Robin's egg blue ceiling
Erik Kvalsvik

Parisian Apartment in Kentucky

Standing on the second floor of the 1873 firehouse -- a For Sale sign hung out front -- Catherine Willett peered through a trio of French windows at an ornate Catholic church across the street, and exclaimed, "This is my Paris apartment!"

No matter that the brick building once housed firemen and their horses, or that it mingles with homes and warehouses in an edgy downtown Louisville neighborhood called Butchertown. Or that the muddy brown Ohio River and not the Seine burbles past the city. Catherine and her longtime friend, designer Susan Moloney, shared a vision and turned an unlikely urban building into a cozy home for Catherine, her husband, and their college-aged sons.

Brick and carved limestone exterior
Erik Kvalsvik


One of the biggest jobs of the project was designing a new front door. After the firehouse was shut down in the 1960s, a design firm took up residence and added showroom windows inside the stone entry.

A little hammer-and-crowbar work to remove a soffit revealed a row of curved windows beneath the arch. Moloney replaced the showroom windows with matching glass doors and sidelights that sit flush with the front of the building.

An open space with 24-foot-tall ceilings
Erik Kvalsvik

Living Room, Before

Downstairs, where the vehicles (and wagons before them) once stood -- and where the ceilings tower to 24 feet -- Moloney created a grand foyer and an adjacent living room.

Still intact are the original hardwood floors, a rare configuration of thick boards set on end to support the weight of the wagons. "You can still see the scars of hoof prints," says Willett.

Overstuffed white couches
Southern Accents, Erik Kvalsvik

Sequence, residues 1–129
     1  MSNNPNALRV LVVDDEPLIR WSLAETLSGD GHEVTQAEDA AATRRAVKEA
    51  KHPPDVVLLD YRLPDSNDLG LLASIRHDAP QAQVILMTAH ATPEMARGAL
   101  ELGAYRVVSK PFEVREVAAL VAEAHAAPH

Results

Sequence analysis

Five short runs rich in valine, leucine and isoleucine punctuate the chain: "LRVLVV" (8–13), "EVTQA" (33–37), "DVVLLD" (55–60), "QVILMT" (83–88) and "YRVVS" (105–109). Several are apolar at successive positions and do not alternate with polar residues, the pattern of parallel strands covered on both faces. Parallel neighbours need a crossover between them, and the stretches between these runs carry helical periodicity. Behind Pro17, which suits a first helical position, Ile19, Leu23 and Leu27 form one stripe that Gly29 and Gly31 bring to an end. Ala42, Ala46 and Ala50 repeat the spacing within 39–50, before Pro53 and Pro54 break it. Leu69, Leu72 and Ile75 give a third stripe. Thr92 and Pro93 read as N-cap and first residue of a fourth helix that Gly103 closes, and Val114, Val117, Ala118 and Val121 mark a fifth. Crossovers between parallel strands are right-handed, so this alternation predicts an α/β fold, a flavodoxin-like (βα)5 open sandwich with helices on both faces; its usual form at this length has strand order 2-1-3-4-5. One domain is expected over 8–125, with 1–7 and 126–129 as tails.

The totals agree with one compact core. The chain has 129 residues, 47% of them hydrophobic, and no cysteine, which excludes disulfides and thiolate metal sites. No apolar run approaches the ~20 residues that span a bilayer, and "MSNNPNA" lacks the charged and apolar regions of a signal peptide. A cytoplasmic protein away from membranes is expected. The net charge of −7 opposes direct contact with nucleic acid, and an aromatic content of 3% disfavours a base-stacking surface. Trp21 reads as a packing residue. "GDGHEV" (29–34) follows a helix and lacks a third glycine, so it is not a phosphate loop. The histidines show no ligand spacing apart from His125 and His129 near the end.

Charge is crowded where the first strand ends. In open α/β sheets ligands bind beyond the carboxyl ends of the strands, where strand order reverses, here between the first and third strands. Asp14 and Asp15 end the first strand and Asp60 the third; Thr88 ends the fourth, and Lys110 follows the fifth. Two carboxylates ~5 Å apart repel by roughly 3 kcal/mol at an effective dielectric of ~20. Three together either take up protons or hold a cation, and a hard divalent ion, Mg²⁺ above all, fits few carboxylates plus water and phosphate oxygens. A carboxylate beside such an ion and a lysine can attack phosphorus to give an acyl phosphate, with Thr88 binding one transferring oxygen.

Living Room, After

Moloney added a massive, but simple limestone mantel as a focal point, and dressed up the existing staircase with a design inspired by the exterior porch of a neighboring house. Overstuffed seating helps make the expansive space cozy.

"It doesn't feel at all like a Tribeca loft," says Moloney. Rather than cool and spare and sprinkled with modern furniture, the interior of the Willetts' firehouse takes cues from the building's carved limestone Beaux Arts exterior.

Round windows in the former stable space
Erik Kvalsvik

Kitchen, Before

In the rear, where the horses were stabled, they added a large kitchen and sitting area, removing the ancient cobblestones (for use in the garden) and adding a limestone floor.

Cozy cream-colored kitchen
Erik Kvalsvik

Kitchen, After

Round windows that looked out from the stables now decorate the kitchen. A beaded-board backsplash and creamy, slightly distressed cabinets make the large space more homey.

Perhaps Moloney's biggest challenge was making this unconventional space feel like home. "To me, a successful job is when I am able to capture the personality of my client," she says. "I could have done this firehouse 16 different ways, but this way is so Catherine."

Firemen's sleeping quarters
Erik Kvalsvik

Master Bedroom, Before

A second-floor space became the master bedroom; the firemen's kitchen became the master bath. Reconfiguring the space from commercial to residential use did not require as much major construction as Willett and Moloney originally expected.

French antiques and dramatic bed dressings
Erik Kvalsvik

Master Bedroom, After

The master bedroom, overlooking a church, inspired homeowner Willet's "Paris apartment" comparison. With the help of 250 yards of silk taffeta, Moloney made her dream of living luxuriously in a former firehouse come true.

Plush seating and robin's egg blue on the ceiling contribute to the room's ethereal feeling.

Library walls upholstered in toile
Erik Kvalsvik


On the second floor, an equipment room became a cozy library. Moloney upholstered the walls in a pleasing toile, a job that pushed her upholsterer to the brink. "He almost quit in the middle of the job, trying to keep the fabric straight on the 18-foot-high walls," she says. Comfortable seating and ample storage complete the space.

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